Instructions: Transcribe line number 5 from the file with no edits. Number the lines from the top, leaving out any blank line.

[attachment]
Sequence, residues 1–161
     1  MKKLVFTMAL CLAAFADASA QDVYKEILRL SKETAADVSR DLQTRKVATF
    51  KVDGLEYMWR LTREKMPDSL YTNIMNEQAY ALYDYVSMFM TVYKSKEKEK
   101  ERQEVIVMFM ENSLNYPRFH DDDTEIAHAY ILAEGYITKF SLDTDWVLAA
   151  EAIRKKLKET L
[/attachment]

   151  EAIRKKLKET L